I used to love Minecraft – maybe even fair to say I lived in it for a short while. That’s not quite the case anymore. Minecraft is certainly still hugely popular (Business Insider reported it has 91 million players as of October 2018), but I know myself and many others have strayed away from the delightfully creative game. Mojang’s first in-house Minecraft spinoff, Minecraft Dungeons

, will likely pull me back into the world of destructible blocks and charming mobs, but in an excitingly different way.Minecraft Dungeons is an action-adventure dungeon crawler that doesn’t require its players to pick a class for their journey. Instead, your gear determines your abilities, which allows you to change your strategy on the fly. Minecraft Dungeons Executive Producer David Nisshagen said this was done to allow players to have some of the flexibility and freedom seen in Minecraft.

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There are no player skills or abilities either. Instead, those are decided by equippable items called artifacts. There are things like a tasty bone that can be used to summon a wolf that’ll fight alongside you and a special mushroom that gives your character a temporary speed buff. I only had a few minutes playing Minecraft Dungeons, but in the short time I had (and even more time I had watched other play), the items were fun to use and helped get out of a pinch when I encountered a horde of skeletons. Each of the items you find has a level too, and that adds up to your overall power level which helps determine what difficulty you’re best suited for. I was told the difficulty can be toggled to be easier or harder regardless of your power level.

Since there aren’t abilities or skill trees tied to character progression, the way you equip items determines your strategy. Every player gets a melee and ranged weapon along with three equippable artifacts. What you choose to put in those slots, along with the armor that determines your role in a fight, is important. If you happen to have three bones, you can equip those duplicates to summon a total of three wolves. It’s a pleasant tactic, but not necessarily the most effective if, for instance, you’re trying to navigate an area littered with traps. I saw one wolf companion get smashed between two walls, and I’d recommend avoiding that sad situation at all possible. The wolf could be summoned again shortly after, thankfully. I pretend it’s the same wolf.

You’ll earn loot in the genre standard way of slaying enemies and opening treasure chests. Loot is distributed individually, and though everyone in a party will get the same kind of reward from defeating a boss, each instance of that reward is a little different for each party member. It’s not just about power level, though. Every weapon has randomized enchantments, or equippable bonuses. These are what make your weapons special. When you get a weapon, you’ll choose between enchantments that you want to permanently equip to it. They can be things like Thundering, an enchantment that hits random enemies with thunder shocks as you attack. Then, as you unlock enchantment points by salvaging old items or leveling up, you can upgrade equipped enchantments to make your weapons more powerful. Rare, unique weapons have an additional enchantment slot.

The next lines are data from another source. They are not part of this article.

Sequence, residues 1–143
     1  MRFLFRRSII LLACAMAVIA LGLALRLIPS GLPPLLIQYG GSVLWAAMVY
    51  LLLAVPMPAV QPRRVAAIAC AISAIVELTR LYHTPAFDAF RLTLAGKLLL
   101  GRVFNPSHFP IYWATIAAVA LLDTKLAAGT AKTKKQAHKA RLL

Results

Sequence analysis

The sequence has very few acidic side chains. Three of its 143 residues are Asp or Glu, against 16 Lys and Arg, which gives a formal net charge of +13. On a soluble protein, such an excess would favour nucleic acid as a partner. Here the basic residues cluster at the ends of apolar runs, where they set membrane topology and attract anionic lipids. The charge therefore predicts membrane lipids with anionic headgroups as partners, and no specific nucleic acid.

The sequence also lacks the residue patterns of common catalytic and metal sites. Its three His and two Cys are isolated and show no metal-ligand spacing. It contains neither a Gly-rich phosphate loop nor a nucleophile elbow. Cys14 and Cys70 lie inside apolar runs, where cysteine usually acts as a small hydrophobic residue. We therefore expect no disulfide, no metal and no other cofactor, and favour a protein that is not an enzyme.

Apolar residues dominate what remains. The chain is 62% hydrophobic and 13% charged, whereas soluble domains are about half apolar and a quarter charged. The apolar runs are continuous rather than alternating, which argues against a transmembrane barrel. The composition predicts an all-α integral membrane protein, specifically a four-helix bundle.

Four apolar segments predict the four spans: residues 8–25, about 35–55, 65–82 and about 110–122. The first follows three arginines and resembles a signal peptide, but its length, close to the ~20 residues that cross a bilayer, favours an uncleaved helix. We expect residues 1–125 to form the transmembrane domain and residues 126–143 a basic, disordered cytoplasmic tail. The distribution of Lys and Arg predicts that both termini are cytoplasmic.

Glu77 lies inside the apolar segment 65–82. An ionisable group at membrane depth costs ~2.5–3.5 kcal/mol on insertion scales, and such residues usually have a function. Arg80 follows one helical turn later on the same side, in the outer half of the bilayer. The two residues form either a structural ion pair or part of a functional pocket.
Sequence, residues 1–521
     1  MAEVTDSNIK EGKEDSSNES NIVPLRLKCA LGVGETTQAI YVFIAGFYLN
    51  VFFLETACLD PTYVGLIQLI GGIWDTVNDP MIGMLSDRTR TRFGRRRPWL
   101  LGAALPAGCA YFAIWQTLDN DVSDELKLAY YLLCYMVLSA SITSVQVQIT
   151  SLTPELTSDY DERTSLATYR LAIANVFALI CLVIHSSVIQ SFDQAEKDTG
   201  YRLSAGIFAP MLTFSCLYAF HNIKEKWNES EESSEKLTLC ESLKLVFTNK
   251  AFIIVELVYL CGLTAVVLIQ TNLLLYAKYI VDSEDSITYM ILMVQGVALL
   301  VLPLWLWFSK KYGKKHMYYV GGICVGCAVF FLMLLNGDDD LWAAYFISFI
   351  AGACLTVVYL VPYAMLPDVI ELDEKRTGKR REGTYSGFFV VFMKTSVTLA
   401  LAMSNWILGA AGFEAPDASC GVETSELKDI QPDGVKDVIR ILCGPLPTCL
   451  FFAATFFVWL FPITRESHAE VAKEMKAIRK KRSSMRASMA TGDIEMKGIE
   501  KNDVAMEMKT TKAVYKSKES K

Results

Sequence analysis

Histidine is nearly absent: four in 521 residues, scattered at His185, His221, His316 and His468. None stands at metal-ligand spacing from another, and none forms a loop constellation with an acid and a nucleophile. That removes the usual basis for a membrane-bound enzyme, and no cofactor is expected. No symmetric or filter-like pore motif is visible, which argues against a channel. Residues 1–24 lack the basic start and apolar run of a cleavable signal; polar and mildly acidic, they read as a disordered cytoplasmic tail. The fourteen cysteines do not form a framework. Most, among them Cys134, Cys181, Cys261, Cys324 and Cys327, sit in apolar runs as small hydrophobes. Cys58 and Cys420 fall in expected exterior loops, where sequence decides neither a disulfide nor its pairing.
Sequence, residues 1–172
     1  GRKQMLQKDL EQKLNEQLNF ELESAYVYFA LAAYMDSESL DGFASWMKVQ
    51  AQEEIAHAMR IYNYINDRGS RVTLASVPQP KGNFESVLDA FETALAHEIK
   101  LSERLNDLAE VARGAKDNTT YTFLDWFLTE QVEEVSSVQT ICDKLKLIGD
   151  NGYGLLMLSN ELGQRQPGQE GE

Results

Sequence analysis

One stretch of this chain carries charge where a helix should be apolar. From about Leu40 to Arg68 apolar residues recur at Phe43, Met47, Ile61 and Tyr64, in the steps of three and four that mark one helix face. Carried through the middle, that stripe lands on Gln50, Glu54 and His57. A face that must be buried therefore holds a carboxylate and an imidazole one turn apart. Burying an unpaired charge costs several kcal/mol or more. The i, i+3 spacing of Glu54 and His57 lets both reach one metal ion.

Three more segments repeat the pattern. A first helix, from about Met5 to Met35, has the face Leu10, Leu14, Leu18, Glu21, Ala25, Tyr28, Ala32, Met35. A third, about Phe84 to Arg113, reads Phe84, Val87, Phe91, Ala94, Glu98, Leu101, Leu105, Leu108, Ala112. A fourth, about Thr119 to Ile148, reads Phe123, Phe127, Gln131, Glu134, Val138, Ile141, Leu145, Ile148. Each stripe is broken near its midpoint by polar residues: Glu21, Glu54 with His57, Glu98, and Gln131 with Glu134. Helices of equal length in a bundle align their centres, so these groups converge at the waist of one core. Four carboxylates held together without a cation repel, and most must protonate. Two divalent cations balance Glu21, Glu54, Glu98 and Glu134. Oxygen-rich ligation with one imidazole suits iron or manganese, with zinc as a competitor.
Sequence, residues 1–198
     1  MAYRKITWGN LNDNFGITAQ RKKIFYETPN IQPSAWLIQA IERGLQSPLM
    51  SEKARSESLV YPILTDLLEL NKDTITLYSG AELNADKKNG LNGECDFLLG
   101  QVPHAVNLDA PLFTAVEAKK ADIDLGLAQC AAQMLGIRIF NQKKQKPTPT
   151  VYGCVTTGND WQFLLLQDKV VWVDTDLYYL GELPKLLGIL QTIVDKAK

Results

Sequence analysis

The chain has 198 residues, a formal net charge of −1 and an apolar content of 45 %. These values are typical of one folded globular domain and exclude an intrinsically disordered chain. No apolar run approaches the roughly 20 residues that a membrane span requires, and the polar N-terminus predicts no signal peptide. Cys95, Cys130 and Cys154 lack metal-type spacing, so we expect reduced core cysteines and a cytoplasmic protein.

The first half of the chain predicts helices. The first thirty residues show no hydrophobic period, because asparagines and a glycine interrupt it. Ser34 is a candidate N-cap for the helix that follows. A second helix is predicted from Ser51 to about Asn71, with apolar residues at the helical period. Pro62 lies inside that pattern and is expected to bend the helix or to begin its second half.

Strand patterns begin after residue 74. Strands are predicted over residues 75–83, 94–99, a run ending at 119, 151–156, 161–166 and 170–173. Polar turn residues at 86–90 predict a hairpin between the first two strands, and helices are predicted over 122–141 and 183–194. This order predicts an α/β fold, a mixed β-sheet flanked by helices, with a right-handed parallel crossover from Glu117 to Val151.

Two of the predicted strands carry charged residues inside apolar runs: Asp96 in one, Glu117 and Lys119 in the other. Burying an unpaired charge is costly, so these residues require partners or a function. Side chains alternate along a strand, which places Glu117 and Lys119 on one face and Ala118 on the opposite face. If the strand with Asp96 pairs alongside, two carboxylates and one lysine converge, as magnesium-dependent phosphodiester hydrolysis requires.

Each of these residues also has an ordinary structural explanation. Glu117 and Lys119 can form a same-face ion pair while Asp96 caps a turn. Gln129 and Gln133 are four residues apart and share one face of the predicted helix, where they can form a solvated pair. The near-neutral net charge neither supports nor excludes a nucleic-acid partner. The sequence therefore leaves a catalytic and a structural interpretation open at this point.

The only thing you’ll have to fight friends for are consumable item drops like arrows or TNT. These can also be purchased with emeralds. You can reequip more (and other items) at inventory stations that are placed throughout a dungeon. I already see how these are helpful for changing a strategy on the fly which may need to happen if you’re having a hard time defeating a miniboss or boss or even an event mob, like an enderman. The enderman just as creepy as we’ve always known them to be; you’ll know when one is close when the screen distorts. Nisshagen said they won’t attack unless they’re provoked, but if they are, they can make for quite the challenge if you pick a fight in a bad spot.

If you happen to die your party member can pick you up or you’ll be sent back to your last checkpoint if everyone in your party falls. Each party has three lives to complete a mission, but a life is only expended if, again, everyone in the party falls. Nisshagen said Mojang wants Minecraft Dungeons to be accessible and not too punishing, but still have a lot of depth and challenge for the players who want to get into the complexities of building strategy through their artifacts and weapon enchantments.

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Though I saw and played a desert temple that can be found in the original Minecraft, Nisshagen said there’ll be new things to explore. I did see a few new enemies, like a funny hybrid between a pig and a treasure chest called a Piggy Bank. I’m interested in seeing what other surprises await us in this unique take on Minecraft. At launch, Minecraft Dungeons will have nine biomes and more are expected to be added later.

As far as monetization goes, there won’t be any microtransactions or loot boxes in Minecraft Dungeons. There won’t be any integration with the Minecraft marketplace as of now either, but Nisshagen said it was something that could potentially be looked into if the future player base wants it. We do know that, for now, there will be crossplay between the Xbox family and PC. Nisshagen was unable to speak about other possibilities at the time.

In other Minecraft news, Mojang announced that it’s ceasing development on Minecraft’s Super Duper Graphics pack due to technical concerns. The other Minecraft project, Minecraft Earth, is currently in beta in select cities.

Miranda Sanchez is an executive editor at IGN. You can chat with her about video games and anime on Twitter.

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